It's a primary tool in advocacy: the letter to the editor or letter to a decision maker. But getting enough letters written to make an impact is difficult. So modern activist groups make it easy by providing automated, prefabricated letters for their members to sign and send.

The Oregon State Public Interest Research Group provided this prefab correspondence during last month's gubernatorial campaign:

'Dear Mr. Mannix and Mr. Kulongoski,

'The sorry condition of the Willamette River is an embarrassment to Oregon, and I am disappointed that the candidates for Governor seem to have no plan to get it cleaned up. Governor Tom McCall ensured his political legacy by making the cleanup of the Willamette his top priority. Now it is up to you to follow Governor McCall's lead by taking action to restore our beloved river.'

The national antiwar group No War, No Way provided this letter:

'To the editor:

'The Bush Administration is pounding the war drums louder and louder. Yet the proposed preemptive war on Iraq really has little support nationally and internationally because of the hard facts.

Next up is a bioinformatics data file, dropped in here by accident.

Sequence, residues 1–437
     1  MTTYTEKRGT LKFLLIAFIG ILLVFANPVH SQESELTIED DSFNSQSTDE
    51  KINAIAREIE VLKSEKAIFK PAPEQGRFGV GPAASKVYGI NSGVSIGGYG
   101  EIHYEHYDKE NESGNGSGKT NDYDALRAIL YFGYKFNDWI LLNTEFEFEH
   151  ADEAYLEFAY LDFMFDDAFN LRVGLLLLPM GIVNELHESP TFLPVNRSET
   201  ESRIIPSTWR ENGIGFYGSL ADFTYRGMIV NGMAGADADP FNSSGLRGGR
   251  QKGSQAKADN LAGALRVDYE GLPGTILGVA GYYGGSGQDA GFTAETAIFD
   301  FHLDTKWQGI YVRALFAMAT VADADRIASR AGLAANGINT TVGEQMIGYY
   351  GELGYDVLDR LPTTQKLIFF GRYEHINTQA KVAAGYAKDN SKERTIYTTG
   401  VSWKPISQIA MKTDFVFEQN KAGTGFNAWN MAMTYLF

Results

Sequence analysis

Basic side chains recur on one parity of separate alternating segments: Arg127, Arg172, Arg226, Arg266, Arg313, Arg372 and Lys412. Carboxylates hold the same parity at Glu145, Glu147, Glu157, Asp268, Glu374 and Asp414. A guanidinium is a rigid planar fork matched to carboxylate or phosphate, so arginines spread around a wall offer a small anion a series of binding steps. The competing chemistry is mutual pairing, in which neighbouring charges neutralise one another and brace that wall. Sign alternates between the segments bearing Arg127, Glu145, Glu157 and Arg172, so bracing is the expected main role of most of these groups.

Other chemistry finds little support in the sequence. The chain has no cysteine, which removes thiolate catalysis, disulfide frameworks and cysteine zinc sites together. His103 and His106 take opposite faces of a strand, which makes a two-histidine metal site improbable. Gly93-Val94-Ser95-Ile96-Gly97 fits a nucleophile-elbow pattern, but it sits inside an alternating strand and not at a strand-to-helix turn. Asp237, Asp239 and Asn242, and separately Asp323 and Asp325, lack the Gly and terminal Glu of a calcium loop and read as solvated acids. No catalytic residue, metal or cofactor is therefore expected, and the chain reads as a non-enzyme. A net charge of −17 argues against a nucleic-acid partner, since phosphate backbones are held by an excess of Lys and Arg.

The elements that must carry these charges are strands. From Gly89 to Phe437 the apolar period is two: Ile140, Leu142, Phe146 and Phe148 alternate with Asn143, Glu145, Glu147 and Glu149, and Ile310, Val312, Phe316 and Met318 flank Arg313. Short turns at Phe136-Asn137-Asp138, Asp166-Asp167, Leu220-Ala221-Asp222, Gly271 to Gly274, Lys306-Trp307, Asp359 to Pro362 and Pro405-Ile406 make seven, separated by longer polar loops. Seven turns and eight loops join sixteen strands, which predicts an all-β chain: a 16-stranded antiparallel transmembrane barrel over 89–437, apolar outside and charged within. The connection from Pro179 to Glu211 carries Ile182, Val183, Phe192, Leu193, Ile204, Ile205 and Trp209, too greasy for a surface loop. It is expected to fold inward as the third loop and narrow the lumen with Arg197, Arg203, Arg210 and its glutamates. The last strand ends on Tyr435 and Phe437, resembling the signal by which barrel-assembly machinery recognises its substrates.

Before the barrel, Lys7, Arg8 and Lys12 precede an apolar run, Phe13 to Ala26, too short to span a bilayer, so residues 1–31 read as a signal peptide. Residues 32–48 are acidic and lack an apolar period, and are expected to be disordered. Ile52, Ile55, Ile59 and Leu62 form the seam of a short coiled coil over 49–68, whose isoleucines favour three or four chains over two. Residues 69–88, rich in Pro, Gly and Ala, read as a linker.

'The needs of the Iraq people, which most certainly do not include being bombed by the US, are urgent. Instead of war, these needs should be the most pressing issues on the agenda. The inhumane UN sanctions, which have killed over 1 million innocent Iraqi people, must be dropped.




Among the many groups providing canned letters on their Web sites:

• The Wilderness Society, (pro-environment)

• Portland Peaceful Response Coalition, (antiwar)

• Save Our Wild Salmon, (pro-environment)

• Physicians for Social Responsibility, (antiwar/pro-environment)

• Global Exchange, (antiglobalism)

• National Wildlife Federation, (pro-environment)

• GrassRoots Recycling Network, (pro-recycling)

Other groups, such as Cascadia Forest Alliance (pro-environment) and NW Rage (anti-genetically modified foods), provide talking points or scripts for calls to legislators.

Ñ Lisa Baker

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